Charlie:
This is a very small percentage. Mostly it's children going up with their parents and they're innocently asking for some sweets. Please, pretty please. But we'll focus on Halloween another day as I want you to remember, remember the 5th of November. This is a rhyme we learned whilst growing up to help us remember that bonfire night, the night that we celebrate the death of a man called Guy Fawkes, happens on the 5th of November. So why do we still have it in for this poor guy? Well, he was one of the 13 troublemakers that were plotting to blow up the British Parliament. And by plotting, I mean they managed to sneak 36 barrels of gunpowder through a tunnel into the cellars below the Houses of Parliament, and in the early hours of the 5th of November in 1605, things were about to go boom. Boom! We need a Dolby sort of deep 'boof' bass insert. No, maybe just a bomb. I'll just find a bomb sound. I don't, don't want to scare you, though, especially if you're on public transport. Let's just stick to boom. Yes, things were about to go boom.

Charlie:
Um and I did imagine the Houses of Parliament, along with Big Ben, being blown to smithereens when I was younger, when I was told about this. But as this was in 1605, that Guy Fawkes got caught, I suppose it's safe to say that Big Ben's architect wasn't born yet, as the construction didn't start until 1843, so Big Ben wasn't even around to be concerned about. So Guy Fawkes, his target, was probably less expensive than the current Houses of Parliament and Big Ben, but nonetheless a significant structure in that day and age.

Charlie:
So why was Guy Fawkes wanting to do this? Well, it all stems back to a very famous king in English history called Henry the Eighth, and how his first wife was unable to give him a male heir to his throne despite her lack of trying. Bless her. And perhaps we could point the finger at his next wife, Anne Boleyn, for being so irresistible to this sexist, greedy fat king that treated the women in his life so bad that even R. Kelly would have probably said something to him if they were alive at the same time, you know. If they were having a beer, he would have maybe said, you probably shouldn't be doing that.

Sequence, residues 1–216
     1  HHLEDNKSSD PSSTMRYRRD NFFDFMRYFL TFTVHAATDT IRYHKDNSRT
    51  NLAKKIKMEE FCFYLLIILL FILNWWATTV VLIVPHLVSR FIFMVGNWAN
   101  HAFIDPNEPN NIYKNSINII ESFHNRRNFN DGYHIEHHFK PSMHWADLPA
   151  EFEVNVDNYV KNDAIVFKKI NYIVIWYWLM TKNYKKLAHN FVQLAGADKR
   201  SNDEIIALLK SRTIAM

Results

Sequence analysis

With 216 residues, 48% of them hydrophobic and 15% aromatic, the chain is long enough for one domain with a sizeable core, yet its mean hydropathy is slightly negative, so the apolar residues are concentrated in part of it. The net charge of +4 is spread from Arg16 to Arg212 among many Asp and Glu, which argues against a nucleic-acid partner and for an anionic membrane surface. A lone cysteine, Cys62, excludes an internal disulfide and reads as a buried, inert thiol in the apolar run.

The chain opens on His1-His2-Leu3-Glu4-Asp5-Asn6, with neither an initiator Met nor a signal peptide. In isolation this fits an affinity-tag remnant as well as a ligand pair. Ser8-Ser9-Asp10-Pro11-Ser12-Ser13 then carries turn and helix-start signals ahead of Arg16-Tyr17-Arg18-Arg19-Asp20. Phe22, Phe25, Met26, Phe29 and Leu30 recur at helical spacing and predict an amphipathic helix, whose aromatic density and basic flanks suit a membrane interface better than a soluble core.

Charlie:
If you didn't know, Henry the Eighth was a king in the Tudor times, in the 1500s. And he married not once, not twice, not thrice, but six times. But the problem with divorce and remarriage back then was that it didn't really exist, and or you couldn't really remarry in the eyes of God and in a church. And so naughty Henry, unaccustomed to hearing no, I imagine throughout his years of being a royal member, decided to break away from the Pope and his Roman Catholic church to create a new religion that allowed for divorce and remarriage in the eyes of God. So in comes the Church of England, a new form of Christianity which caused a huge amount of division amongst the people. He couldn't just change everyone's minds, could he? And each new king and queen throughout the next 50/60 years. Yo yoed between bringing Catholicism back to the people and being determined to continue with Protestantism. Um from what I understand, the term Protestant essentially means to break away from the Pope and the Roman Catholic Church. There are various theological views, but essentially people are like, nah, we don't want to be controlled by old Popey anymore in Italy. So we're gonna make our own slightly different version of Christianity. But of course, while the leaders can choose their religion to follow, the citizens are forced to agree. And if they disagreed, then they'd not just be greeted with a fine or a slap on the wrist, but an almighty array of terrible forms of torture.

Charlie: